Even though they have a freemium model, I was not inclined to spend days getting cozy with all its features and learning how to use it.
Because I’m already familiar with WordPress, I settled on WordPress and Brizy theme which was the best set up for my needs. I can always move to more sophisticated platforms later if my needs change.
December 2020 UPDATE:
After using the Brizy theme for 7 months, I found it painful to publish my articles (posts) in using the new default Gutenberg Editor. It was causing a lot of friction in my workflow and was discouraging me from publishing.
I also discovered that “visual webpage builders” and the default Gutenberg Editor that comes with WordPress actually destroys website speed performance.
I care about website speed performance and ease of publishing so I switched to Focus Theme in December and rebuilt my website for the second time.
Styles and Elements Research
Because I knew I wanted to build a personal brand website, I’ve already been paying attention to elements and styles such as fonts, colours, layouts and types of pages from websites I come across over the past couple of years.
I captured them in my PKM System and took notes for inspiration so I’d have ideas to model.
My level of awareness naturally expands when I have a goal or project in mind. It’s like my peripheral vision widens as I become more aware of the type of information I want to capture in my PKM System.
This is one of the principles taught in BASB — called “Just in Time Project Management“, where you build a habit of ‘collecting information’ relevant to interests, goals or potential projects you have in mind. So when you’re ready to bring that project to life, you already have a bunch of relevant notes to work from at your finger tips.
Watching Tiago explain this principle in the course confirmed why I was able to execute quickly on my website project because I have already been practicing the habit of capturing relevant notes. I also had the organisation in my digital workspace that allowed me to retrieve my notes and files quickly and easily.
Because I was not starting from zero (blank canvas), all I had to do was to continue adding notes to my PKM System to make sure I have enough ideas to look at, until I was ready to start building my website and make it my own.
Just before enrolling in BASB, I discovered an awesome diagramming and concept mapping tool called Plectica.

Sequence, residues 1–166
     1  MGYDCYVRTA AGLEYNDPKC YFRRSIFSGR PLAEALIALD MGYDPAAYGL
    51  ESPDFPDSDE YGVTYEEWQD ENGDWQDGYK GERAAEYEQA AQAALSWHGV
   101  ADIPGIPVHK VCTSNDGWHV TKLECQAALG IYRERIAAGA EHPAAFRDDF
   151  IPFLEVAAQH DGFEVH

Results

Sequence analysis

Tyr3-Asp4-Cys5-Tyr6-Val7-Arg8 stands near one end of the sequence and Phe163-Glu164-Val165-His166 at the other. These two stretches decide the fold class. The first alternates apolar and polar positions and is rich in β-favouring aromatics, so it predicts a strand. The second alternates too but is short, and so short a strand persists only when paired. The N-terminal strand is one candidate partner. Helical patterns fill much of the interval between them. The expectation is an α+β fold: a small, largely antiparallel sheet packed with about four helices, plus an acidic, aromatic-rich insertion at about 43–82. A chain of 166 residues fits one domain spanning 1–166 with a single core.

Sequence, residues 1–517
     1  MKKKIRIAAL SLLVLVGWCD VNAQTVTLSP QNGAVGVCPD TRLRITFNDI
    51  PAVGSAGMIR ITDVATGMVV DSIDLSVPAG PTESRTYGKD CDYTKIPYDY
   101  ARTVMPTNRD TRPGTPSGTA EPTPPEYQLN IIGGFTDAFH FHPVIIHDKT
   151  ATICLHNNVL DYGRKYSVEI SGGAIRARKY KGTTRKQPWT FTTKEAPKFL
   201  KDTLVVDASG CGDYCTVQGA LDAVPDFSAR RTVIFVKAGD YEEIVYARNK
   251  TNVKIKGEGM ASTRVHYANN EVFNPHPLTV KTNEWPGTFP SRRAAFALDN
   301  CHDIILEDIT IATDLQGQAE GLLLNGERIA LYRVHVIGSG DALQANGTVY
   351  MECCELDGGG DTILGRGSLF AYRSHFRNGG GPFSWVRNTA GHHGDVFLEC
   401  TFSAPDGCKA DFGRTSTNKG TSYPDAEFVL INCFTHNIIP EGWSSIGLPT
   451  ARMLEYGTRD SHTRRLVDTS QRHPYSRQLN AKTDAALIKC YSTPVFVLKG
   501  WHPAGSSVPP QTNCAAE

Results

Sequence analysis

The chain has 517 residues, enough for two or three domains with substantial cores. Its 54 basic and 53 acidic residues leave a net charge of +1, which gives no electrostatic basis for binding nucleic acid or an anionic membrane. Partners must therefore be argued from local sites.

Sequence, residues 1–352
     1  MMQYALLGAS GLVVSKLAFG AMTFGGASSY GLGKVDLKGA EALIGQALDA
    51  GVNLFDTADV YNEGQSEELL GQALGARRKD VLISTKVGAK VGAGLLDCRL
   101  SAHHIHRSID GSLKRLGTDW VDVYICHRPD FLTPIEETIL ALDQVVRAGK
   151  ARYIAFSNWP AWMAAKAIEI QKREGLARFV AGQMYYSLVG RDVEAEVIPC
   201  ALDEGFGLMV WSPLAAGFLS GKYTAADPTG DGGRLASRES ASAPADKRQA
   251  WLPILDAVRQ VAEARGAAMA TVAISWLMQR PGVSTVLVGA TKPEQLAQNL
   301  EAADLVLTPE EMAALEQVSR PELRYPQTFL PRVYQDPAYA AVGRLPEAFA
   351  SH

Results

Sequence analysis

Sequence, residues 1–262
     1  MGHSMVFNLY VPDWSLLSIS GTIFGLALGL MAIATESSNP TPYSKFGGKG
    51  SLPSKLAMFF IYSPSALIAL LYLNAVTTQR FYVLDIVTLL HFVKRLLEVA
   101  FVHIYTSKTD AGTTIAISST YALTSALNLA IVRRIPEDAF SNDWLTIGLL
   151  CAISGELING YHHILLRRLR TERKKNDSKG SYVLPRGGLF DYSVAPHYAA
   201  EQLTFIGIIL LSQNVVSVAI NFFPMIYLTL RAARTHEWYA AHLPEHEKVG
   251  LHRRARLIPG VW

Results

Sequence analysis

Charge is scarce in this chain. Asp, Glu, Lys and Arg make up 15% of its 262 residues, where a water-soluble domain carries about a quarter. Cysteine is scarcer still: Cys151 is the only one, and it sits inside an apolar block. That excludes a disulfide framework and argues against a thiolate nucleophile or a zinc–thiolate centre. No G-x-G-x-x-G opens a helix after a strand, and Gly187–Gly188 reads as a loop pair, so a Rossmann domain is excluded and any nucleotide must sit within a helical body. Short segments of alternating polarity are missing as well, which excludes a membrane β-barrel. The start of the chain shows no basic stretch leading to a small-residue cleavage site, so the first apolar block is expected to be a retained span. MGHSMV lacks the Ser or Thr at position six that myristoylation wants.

I used Plectica to map out all the pages I wanted on my site and added notes to them. I was able to freely move the elements around and connected them how I wanted as ideas formed in my head.
It’s a great visual planner that allowed me to clearly see what I’m building.
Thinking and Planning
Questions I asked myself as I planned out my project:
- Do I need this page right now? Or is this a ‘nice to have’?
This question is key because my natural instinct is to want to do it all. I have an all-or-nothing personality complex, so I needed to create constraints for myself and be clear about what is enough to launch and complete the project.
- Why do I want to build this page?
I wanted to justify my reasons for a certain page to exist.
This helped me prioritise and decide on what to create first. It also helped me think about the kind of content I wanted to write and publish.
Questions that helped me dig deeper:
- Is this a page I want cus it’s ‘cool to have’? Or is this necessary to help the reader have a good experience?
- If I landed on this website, what would I want to see?
- What would I want to find out about this person to help me determine whether they’re worth following?
- Will this page help people understand who I am and why I do what I do?
6 to 18 April: Building, Designing and Writing Phase (13 days)
Building and Designing
I installed WordPress, Brizy webpage builder and other essential WordPress plugins. These are the plugins I use:
- Wordfence Security — firewall and malware scanner to protect your site
- Classic Editor — enable the WordPress classic editor
- Advanced Editor Tools — extends the classic editor
- Contact Form 7 — simple and flexible contact form
- Google XML Sitemaps — improves SEO using sitemaps
- Instant Images — instant photo upload from Unsplash
- Broken Link Checker — looks for broken links and alerts you
- Redirection — redirect manager to reduce link errors
- Smush — image optimiser and compressor to improve page speed
- Yoast Duplicate Post — cloning posts and pages
Important Note about Logos
I originally didn’t plan on creating a logo. I knew I didn’t need one and was more than happy to just use text for my name.
Logos are completely unnecessary to start a new website — it’s more of a ‘nice to have’ that can be added later.
Logos are not that important in the grand scheme of things.
If you’re like me — a new kid on the block without an online presence at all… no one cares about your logo because you haven’t established a reputation for yourself. You don’t have a ‘brand’ around your name yet!
Too many creators, solo entrepreneurs and business owners fall into the “design trap”, mistaking design with marketing and branding because of their lack of discernment. Many people think they need a logo to start a website when they actually don’t.
I’ve made this same mistake in the past many times over. All it did was slow down my website project, which ended up taking MONTHS to complete every time because I focused on the wrong things.
The only reason I ended up creating a logo this time was because I happened to stumble across an existing design that deeply resonated with me — what I saw gave me a great representation of what I imagined my ‘future brand’ would be.
So in that moment with a spark of creativity, I decided to quickly modify the design for myself. I was done with logo creation in about an hour.